Hypertrophy-oriented training increases muscle cell size. Training with a relatively low load <70%1RM and a rep range of 8-12 will result in increased muscle volume without a large increase in strength or speed of development. In contrast, a load >75%1RM and a repetition range of 6-8 will influence myofibrillar growth and increase muscle cell density while increasing strength. Hypertrophy is influenced by 3 main factors: tension, muscle damage, and metabolic stress. The coach and athlete must determine the appropriate type of hypertrophy to suit the needs of the athlete and the sport, and then select specific training methods.
1. Freitas M, et al, (2017), Role of metabolic stress for enhancing muscle adaptations: Practical applications, “World Journal of Methodology”, Jun 26; 7(2): 46-54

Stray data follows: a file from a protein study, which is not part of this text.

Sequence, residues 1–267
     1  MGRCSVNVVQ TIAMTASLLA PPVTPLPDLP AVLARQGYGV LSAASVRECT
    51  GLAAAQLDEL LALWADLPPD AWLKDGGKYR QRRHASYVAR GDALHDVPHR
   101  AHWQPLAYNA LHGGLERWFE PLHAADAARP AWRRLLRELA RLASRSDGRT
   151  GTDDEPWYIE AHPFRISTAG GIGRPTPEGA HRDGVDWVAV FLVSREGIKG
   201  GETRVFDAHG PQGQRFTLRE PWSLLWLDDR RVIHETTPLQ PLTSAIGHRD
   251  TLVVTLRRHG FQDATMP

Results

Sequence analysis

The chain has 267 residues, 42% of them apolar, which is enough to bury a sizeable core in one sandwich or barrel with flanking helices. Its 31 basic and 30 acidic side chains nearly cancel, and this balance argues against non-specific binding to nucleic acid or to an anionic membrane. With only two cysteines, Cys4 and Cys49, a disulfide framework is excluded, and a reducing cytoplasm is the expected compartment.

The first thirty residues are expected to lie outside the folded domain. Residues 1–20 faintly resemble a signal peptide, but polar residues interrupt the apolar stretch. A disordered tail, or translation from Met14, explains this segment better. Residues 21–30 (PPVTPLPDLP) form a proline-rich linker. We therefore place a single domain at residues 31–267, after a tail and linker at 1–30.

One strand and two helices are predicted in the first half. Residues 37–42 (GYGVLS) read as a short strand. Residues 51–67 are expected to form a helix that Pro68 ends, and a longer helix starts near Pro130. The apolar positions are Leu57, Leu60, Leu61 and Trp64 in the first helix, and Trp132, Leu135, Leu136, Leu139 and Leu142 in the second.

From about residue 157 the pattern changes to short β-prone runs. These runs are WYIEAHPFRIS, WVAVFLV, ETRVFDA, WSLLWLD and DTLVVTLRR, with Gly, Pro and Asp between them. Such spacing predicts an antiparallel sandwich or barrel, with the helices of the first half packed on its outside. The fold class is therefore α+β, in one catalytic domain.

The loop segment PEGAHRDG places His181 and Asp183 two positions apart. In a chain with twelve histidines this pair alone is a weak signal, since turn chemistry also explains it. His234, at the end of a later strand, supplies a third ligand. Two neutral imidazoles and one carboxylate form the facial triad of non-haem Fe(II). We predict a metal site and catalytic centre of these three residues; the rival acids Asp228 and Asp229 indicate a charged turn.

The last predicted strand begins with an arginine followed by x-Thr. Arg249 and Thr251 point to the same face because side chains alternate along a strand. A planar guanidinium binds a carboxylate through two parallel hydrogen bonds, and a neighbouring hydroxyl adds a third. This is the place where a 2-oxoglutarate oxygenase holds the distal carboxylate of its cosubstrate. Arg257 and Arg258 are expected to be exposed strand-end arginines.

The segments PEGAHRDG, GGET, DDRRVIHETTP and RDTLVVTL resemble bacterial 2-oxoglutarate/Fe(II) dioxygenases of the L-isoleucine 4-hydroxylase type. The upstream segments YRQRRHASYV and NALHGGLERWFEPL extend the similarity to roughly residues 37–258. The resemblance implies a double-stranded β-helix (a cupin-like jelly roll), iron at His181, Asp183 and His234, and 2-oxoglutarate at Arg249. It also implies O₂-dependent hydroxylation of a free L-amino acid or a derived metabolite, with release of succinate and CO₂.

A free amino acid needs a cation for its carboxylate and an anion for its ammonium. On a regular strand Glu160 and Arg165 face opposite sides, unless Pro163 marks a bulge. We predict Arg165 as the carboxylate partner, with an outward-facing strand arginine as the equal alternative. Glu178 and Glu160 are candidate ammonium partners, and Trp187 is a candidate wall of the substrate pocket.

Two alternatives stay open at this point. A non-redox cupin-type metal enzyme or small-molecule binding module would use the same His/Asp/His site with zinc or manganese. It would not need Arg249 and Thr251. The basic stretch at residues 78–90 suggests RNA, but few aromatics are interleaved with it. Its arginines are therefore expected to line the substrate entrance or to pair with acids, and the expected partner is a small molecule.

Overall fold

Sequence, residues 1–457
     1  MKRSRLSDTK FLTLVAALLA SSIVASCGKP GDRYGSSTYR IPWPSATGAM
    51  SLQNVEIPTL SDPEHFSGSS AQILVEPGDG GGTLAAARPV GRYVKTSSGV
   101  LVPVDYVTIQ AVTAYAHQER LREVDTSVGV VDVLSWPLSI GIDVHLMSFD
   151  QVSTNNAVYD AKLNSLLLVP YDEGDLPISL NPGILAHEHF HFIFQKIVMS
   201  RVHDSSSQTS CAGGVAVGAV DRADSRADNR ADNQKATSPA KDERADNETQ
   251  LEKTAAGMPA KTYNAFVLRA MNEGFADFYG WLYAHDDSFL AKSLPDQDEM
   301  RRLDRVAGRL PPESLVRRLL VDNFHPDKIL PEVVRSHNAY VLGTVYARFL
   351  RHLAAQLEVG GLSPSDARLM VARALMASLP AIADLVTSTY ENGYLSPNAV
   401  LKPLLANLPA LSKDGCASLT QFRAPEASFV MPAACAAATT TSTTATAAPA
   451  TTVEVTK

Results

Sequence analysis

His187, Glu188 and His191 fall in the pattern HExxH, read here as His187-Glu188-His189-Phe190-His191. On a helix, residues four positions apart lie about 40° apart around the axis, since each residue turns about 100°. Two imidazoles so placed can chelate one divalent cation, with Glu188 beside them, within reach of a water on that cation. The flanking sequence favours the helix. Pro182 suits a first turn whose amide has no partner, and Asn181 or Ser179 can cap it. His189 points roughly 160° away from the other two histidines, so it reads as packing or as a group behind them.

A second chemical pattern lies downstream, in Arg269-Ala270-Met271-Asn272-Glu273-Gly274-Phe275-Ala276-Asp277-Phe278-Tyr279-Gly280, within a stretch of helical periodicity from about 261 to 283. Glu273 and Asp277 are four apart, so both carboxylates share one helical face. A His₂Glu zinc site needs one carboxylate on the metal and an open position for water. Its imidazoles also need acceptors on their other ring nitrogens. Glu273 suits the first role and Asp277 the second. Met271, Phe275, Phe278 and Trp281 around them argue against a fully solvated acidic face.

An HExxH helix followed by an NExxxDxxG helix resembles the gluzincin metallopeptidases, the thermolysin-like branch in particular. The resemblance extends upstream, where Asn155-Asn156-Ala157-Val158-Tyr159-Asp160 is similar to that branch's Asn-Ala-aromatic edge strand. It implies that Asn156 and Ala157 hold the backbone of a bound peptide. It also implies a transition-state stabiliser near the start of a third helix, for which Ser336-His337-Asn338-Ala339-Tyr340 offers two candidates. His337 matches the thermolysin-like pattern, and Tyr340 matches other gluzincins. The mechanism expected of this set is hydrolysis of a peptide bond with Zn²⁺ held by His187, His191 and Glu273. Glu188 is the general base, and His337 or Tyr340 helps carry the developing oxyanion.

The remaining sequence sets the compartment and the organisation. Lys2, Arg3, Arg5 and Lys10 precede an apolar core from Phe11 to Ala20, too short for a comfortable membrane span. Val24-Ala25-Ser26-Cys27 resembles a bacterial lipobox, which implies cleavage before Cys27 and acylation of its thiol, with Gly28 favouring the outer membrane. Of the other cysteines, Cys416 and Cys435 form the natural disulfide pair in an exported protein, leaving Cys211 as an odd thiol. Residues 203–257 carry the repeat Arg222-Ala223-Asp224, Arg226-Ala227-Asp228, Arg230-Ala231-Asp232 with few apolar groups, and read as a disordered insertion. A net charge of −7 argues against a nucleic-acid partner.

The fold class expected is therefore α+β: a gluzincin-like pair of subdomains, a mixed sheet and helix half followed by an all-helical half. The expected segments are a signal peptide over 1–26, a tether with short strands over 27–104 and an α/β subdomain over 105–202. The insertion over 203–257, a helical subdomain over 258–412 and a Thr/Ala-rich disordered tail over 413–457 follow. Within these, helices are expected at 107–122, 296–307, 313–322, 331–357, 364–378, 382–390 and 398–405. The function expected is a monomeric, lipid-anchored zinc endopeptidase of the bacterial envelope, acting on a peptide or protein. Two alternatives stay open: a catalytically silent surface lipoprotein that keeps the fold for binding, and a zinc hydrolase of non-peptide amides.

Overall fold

2. Villanueva MG, (2015), Influence of Rest Interval Length on Acute Testosterone and Cortisol Responses to Volume-Load Equated Total Body Hypertrophic and Strength Protocols, “Journal of Strength and Conditioning Research”, Oct; 26(10): 2755-2764.
2. Rietjens R, (2014), Acute T Acute Testosterone Responses t one Responses to Different Resistance Ex ent Exercise Intensities, UNLV Theses, Dissertations, Professional Papers, and Capstones, 2209.
3. Ahtiainen J, et al. (2003), Muscle hypertrophy, hormonal adaptations and strength development during strength training in strength-trained and untrained men, European journal of applied physiology, 89(6), 555-563.
4 Gotshalk L, Loebel C. C., Nindl B. C., Putukian M., Sebastianelli W. J., Newton, R. U., Kraemer W. J, (1997), Hormonal responses of multiset versus single-set heavy-resistance exercise protocols, “Canadian Journal of Applied Physiology”, 22(3), 244-255.